okra

favourite rasam recipe – three ways

22nd August 2018

This is a recipe I fall back on as a twice or thrice weekly meal. It is the same recipe, same measurement of spices, using a variety of different dal and vegetables. The first two recipes include grinding the coconut-rasam mixture, while the third does not, making it a quicker dish to prepare. It’s a good example of how one recipe can be used in many variations to give a totally different dish.

In these three recipes, I alternate between using mung beans(whole moong dal)toor dal and split yellow moong dal. The rasam powder can be replaced with sambar powder in all dishes.

whole mung beans with tomatoes & chard

Preparation 40 minutes

Serves 3 – 4

ingredients 

½ cup/100g mung beans(whole moong dal)

4 cups water/1-litre

1 medium tomato(100g), finely chopped

1 cup/50g tightly packed chard leaves (can use kale/fenugreek)

2 heaped Tbsp brown sugar/jaggery

1 heaped tsp rock salt

sambar-coconut mix

¼ cup/20g dried shredded unsweetened coconut

1½ heaped tsp rasam powder (mildly spiced) 

½ – 1 tsp tamarind paste 

1½ cups/375ml water

voggarane 

2 tsp ghee

½ heaped tsp black mustard seeds

10 fresh curry leaves

⅛ heaped tsp asafoetida powder 

⅛ heaped tsp turmeric powder

preparation

1.  In a heavy-based saucepan, wash the dal until the water runs clear, drain, pour in 4 cups water into the saucepan and bring to boil, then reduce the heat to maintain a rapid simmer.

2.  After 10 minutes, add the tomatoes – simmer until dal is soft and has broken down – approximately 30 minutes. 

prepare the rasam-coconut mix

3.  In an upright blender, add the dried coconut, rasam powder, tamarind, and ¾ cup water, blend for 1 minute, until smooth, then add to dal rinsing the blender clean with the remaining ¾ cup water.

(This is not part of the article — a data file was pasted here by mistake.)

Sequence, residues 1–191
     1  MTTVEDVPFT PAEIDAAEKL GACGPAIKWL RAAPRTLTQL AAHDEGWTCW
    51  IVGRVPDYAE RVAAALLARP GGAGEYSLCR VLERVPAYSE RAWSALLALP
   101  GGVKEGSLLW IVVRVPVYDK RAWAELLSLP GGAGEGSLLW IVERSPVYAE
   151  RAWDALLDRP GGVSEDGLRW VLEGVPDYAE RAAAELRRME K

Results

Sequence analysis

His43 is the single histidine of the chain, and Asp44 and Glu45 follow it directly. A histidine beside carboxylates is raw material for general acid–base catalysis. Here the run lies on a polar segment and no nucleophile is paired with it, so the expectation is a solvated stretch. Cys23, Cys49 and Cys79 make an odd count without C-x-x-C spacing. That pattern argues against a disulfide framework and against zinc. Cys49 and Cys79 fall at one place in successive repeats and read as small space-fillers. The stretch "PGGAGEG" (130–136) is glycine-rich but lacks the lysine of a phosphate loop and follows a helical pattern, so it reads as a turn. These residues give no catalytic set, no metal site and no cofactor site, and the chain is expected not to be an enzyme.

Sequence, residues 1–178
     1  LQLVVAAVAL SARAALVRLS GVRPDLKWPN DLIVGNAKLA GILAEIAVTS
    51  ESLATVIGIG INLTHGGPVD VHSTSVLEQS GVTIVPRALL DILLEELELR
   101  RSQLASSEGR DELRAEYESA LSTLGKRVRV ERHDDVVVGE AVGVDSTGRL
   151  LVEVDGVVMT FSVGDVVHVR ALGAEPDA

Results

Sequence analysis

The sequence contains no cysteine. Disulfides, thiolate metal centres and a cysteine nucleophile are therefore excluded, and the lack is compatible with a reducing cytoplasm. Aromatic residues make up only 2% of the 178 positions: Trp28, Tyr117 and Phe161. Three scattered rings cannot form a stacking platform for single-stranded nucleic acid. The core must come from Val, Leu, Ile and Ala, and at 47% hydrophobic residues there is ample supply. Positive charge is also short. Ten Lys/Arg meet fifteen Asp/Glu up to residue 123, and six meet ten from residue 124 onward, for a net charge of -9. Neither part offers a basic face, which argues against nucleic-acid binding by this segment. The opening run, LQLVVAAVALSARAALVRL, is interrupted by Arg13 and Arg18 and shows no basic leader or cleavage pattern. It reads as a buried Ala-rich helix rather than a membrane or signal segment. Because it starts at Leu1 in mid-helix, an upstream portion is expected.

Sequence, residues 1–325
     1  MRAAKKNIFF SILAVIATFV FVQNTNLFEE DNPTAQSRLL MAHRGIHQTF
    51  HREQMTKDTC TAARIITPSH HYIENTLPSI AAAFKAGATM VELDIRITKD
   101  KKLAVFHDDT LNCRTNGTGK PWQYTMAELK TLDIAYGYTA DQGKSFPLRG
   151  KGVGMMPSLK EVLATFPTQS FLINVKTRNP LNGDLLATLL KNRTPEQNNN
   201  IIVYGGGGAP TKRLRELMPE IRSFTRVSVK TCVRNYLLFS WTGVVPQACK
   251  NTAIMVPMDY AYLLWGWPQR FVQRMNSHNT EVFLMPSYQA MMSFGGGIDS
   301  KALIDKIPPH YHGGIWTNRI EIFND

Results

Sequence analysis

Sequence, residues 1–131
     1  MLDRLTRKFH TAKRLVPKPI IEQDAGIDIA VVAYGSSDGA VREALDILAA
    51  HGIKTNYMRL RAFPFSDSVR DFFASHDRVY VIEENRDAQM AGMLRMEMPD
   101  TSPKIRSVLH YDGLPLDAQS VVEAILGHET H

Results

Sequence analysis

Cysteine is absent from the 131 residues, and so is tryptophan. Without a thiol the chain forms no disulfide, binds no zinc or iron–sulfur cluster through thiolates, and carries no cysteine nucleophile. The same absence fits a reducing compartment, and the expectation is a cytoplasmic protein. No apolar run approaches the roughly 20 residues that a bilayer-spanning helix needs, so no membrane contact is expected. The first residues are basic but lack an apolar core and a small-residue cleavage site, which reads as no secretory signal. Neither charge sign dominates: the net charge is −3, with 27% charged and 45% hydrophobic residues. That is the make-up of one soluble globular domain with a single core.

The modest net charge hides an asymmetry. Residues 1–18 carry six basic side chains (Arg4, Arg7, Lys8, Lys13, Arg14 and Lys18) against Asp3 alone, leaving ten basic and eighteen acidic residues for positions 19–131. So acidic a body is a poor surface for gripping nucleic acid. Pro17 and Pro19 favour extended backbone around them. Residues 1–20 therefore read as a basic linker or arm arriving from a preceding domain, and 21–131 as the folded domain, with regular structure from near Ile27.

prepare the voggarane 

4.  In a small pan over medium heat, heat the ghee, add mustard seeds; when the seeds turn grey and pop, add the curry leaves, asafoetida and turmeric powder, swishing the pan around for the spices to fry evenly.

5.  Pour the voggarane into the dal, add salt, jaggery and stir in the chopped chard leaves.  Allow to sit for 5 minutes for the flavours to settle, the chard to soften and dal to thicken slightly.  Taste adding more sweet, tamarind or salt.

Serve with rice, yoghurt and drizzle with a spoon of ghee.

split moong dal with charred okra & fenugreek

Preparation – 40 minutes

Serves 3 – 4

This dish requires frying the vegetables, in this case, the okra, in the voggarane until nicely charred, then stirring it through the cooked dal when ready to serve. I like to keep 1 cup of the okra aside to use as garnish. This method of cooking works very nicely with green beans as well.

ingredients 

½ cup/100g split yellow moong dal

3 cups/750ml water

2 heaped Tbsp sugar/jaggery

1 heaped tsp rock salt

rasam-coconut mix

¼ cup/20g dried shredded unsweetened coconut

1½ heaped tsp rasam powder (moderately spiced)

½ – 1 tsp tamarind paste 

1½ cups/375ml water

voggarane 

3 Tbsp peanut oil

½ heaped tsp black mustard seeds

1 heaped Tbsp channa dal

1 heaped tsp urad dal

400g okra

15 fresh curry leaves

⅛ heaped tsp asafoetida powder 

⅛ heaped tsp turmeric powder